Not bringing myself into the conversation enough

As my blog started transitioning from a personal space to a more professional “hub,” for awhile I stopped talking about myself completely. That really wasn’t good for the blog. Something only written by you, about something you’re (basically) an expert in, needs a little personality. You shouldn’t spend the whole post talking only about you — you always have to relate it back to something a reader will benefit from. But telling stories, sharing personal experiences and memories related to the topic of your post — that’s what makes your blog posts unique.

Not knowing my niche (or that you had to have one)

I wrote about everything. My focus has always been on writing, since the whole reason I started a blog in the first place was because my favorite author had a blog AND I WANTED TO BE AN AUTHOR TOO. But most of my posts were random (I think there’s a SCANNED IMAGE of my high school algebra notes still on the internet somewhere….). People were not interested in that, and I pretty much knew that. But only when I decided I wanted to write about writing did I realize I needed everything I posted to belong specifically in that niche. Do not write about random topics. Always bring it back to your blog’s focus somehow even if you do.

Honestly, I still make plenty of mistakes. You never stop learning, as a writer. I embrace those. I do my best to learn from them. I hope my dedication to continuing to do this whole blogging thing, despite not always doing it well, will inspire you to keep publishing your own thoughts, too.

Meg is the creator of Novelty Revisions, dedicated to helping writers put their ideas into words. She is a freelance writer and a nine-time NaNoWriMo winner with work published in Teen Ink, Success Story, Lifehack and USA TODAY College. Follow Meg on Twitter for tweets about writing, food and nerdy things.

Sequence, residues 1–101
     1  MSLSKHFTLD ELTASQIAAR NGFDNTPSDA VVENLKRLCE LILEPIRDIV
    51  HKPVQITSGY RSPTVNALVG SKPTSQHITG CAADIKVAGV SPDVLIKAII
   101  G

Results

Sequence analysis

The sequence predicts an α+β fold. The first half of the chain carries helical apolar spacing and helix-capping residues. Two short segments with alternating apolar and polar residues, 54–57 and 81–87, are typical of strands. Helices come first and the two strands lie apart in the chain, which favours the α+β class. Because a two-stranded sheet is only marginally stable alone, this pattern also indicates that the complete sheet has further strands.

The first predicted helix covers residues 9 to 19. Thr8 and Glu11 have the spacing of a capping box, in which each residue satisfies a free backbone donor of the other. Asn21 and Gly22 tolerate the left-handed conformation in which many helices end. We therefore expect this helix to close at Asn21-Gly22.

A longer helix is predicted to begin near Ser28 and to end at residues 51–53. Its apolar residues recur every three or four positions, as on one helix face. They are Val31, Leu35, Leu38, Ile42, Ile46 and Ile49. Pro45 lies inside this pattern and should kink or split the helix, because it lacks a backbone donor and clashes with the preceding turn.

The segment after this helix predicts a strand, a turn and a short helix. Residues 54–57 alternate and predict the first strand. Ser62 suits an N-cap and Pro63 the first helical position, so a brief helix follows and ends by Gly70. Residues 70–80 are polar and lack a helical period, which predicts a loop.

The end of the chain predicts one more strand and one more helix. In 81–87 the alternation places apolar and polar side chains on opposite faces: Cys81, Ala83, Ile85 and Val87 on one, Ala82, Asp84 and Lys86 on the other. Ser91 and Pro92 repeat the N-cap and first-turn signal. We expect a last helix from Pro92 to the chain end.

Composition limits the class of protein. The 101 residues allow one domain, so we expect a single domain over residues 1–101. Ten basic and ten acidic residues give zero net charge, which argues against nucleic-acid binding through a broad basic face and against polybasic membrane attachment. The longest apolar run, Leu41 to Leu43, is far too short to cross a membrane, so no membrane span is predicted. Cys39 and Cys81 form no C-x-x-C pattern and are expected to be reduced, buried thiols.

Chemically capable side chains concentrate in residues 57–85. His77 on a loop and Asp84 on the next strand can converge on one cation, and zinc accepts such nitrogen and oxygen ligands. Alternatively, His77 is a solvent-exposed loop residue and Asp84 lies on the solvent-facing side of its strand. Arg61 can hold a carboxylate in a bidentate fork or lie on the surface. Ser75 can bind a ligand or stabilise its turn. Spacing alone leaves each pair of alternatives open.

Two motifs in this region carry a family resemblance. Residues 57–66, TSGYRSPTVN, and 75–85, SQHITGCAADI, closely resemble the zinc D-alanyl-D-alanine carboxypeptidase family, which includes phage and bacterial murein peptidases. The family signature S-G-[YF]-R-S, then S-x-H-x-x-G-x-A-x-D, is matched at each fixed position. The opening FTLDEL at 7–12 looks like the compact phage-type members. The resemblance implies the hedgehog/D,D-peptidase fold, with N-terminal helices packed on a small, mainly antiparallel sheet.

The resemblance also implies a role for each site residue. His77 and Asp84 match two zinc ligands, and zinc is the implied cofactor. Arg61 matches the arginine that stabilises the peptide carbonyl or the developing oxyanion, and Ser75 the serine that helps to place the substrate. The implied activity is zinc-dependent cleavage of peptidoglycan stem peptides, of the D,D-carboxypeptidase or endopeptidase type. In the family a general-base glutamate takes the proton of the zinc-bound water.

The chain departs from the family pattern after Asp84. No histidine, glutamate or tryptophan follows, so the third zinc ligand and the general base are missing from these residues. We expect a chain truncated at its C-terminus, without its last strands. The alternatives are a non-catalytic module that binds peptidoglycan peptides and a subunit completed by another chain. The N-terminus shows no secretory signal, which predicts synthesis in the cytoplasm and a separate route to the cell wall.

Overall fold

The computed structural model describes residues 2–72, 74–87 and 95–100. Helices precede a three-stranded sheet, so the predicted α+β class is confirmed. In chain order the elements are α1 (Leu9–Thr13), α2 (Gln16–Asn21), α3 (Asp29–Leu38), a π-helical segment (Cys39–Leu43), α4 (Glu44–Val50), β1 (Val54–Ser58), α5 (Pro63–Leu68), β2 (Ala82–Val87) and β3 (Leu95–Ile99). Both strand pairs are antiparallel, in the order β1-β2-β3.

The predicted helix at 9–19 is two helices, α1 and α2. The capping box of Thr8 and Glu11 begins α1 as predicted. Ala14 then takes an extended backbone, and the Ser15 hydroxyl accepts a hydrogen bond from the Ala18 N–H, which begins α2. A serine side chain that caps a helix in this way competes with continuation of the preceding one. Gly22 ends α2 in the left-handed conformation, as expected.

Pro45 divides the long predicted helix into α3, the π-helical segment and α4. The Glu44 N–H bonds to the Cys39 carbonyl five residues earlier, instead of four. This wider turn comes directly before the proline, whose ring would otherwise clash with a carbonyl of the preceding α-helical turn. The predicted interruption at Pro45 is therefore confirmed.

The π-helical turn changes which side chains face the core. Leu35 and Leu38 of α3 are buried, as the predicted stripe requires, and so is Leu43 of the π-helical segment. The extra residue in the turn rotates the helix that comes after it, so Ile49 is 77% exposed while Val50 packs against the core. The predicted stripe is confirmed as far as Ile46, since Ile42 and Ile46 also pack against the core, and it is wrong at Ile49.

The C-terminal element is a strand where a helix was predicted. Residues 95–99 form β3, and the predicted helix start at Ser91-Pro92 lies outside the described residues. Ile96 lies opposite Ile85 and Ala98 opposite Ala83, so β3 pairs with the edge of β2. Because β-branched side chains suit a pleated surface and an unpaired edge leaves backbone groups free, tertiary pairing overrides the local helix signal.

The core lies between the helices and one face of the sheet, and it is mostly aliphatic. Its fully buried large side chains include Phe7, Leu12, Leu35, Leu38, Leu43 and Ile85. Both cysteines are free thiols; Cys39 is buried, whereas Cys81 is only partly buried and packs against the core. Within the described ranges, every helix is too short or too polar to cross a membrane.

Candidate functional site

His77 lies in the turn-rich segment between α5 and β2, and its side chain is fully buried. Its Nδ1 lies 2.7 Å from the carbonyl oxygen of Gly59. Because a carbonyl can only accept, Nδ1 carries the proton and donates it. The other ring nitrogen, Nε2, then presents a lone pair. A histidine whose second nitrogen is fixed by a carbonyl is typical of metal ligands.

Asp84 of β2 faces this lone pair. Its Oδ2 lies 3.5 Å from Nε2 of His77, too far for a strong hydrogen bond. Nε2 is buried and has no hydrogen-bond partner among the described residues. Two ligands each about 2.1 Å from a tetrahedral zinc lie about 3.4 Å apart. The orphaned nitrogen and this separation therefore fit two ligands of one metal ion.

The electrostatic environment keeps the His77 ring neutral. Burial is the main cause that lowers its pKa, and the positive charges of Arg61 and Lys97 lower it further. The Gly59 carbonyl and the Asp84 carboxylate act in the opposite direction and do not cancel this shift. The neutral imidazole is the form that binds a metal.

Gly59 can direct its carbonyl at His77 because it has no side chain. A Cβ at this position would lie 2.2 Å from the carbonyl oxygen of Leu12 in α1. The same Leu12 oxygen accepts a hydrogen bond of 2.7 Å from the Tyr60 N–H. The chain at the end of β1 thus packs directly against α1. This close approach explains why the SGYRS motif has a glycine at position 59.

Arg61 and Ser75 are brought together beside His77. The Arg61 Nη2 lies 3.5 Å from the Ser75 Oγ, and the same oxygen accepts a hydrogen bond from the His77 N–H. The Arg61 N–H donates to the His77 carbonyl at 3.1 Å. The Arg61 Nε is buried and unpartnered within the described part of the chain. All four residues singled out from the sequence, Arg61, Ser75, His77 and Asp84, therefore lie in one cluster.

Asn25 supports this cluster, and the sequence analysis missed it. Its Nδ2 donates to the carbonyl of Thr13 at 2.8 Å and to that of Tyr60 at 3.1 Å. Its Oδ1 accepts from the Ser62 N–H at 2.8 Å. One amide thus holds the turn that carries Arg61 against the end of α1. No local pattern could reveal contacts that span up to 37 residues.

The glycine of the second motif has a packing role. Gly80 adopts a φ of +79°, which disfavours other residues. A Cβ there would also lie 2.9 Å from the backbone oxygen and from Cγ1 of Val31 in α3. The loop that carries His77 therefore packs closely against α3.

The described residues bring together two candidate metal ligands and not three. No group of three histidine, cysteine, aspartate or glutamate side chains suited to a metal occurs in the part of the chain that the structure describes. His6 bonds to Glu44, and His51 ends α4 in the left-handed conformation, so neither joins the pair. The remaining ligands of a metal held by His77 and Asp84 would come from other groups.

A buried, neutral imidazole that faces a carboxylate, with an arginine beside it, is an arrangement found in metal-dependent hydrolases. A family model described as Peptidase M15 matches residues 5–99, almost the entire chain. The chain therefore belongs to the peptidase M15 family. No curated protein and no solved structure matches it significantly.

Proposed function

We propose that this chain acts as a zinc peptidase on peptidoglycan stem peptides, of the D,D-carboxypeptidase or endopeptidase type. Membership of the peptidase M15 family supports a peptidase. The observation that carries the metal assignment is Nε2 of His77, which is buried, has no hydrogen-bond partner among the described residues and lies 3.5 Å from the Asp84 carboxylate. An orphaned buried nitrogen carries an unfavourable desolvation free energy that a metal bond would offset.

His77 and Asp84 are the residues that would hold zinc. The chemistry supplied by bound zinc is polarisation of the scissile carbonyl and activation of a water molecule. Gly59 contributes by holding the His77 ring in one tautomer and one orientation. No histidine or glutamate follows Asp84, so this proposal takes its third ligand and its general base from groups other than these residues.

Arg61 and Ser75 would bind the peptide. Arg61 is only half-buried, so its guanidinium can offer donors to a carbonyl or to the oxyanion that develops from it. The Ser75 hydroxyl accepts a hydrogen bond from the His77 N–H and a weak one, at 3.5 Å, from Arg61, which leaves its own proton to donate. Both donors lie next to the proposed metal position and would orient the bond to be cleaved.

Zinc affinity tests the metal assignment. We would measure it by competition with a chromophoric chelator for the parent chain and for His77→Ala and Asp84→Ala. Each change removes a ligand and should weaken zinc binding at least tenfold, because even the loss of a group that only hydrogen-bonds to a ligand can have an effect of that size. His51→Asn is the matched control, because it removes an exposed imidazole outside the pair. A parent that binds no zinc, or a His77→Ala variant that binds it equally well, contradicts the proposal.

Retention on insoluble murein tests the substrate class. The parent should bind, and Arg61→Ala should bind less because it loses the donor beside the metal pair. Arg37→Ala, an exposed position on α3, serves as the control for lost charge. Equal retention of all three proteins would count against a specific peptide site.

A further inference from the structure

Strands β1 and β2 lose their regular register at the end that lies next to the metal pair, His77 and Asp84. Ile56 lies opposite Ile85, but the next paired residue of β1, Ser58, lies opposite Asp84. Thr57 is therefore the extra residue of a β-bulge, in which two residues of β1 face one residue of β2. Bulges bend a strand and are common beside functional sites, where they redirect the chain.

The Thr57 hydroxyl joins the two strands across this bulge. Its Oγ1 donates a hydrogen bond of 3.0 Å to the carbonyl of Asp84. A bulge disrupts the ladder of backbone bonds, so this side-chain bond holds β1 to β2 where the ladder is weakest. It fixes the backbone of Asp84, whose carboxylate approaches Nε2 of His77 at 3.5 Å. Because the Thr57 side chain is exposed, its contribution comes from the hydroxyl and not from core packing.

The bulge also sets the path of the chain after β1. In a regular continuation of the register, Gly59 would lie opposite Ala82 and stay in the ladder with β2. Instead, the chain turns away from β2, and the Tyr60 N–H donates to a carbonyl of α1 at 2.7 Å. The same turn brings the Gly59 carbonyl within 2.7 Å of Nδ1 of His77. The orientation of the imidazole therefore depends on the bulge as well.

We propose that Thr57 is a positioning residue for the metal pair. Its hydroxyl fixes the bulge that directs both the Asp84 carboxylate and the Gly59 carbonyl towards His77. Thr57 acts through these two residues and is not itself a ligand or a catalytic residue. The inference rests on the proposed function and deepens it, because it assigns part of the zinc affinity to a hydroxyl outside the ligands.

Why a Slow-Growing Blog or Website Is a Good Thing After All

Slow growth is good growth.

I pay very close attention to what newbies are worried about. It’s basically my job. When it comes to publishing content, the most common anxiety I hear about from new writers is not having enough followers.

They’ve been blogging for a month, maybe two, and are surprised to have only a dozen subscribers — most of which are family or close friends.

What I want to say to them is this: what’s so wrong with having less than 15 followers after only two months?

When I re-launched this blog at the beginning of March 2015, I probably had somewhere between 30 to 50 followers. Keep in mind that I first started blogging at this same address in 2009. It took me over six years to gain 50 followers, max.

I’ve increased those numbers a bit since then, thanks to consistent posting and working in an industry that teaches you how to figure out what people like and don’t, but not quickly. If you’re worried about how quickly your blog is growing, I’d like you to keep reading this post. There are benefits to having a small audience, and downsides to focusing solely on numbers. Appreciate a blog or website’s slow growth. It might actually make you a better writer in the long-term.

Here’s why slow growth means you’re doing something right.

You’re not letting an obsession with numbers ruin your content

I am, despite my inability to add and subtract without a calculator, a data junkie. I love graphs and charts and, yes, even numbers. I keep track of the (very gradual) growth of my blog using spreadsheets. But numbers aren’t what drive me to create. They’re useful in figuring out whether or not what you’re doing is working, but if you start obsessing over them, things can get ugly.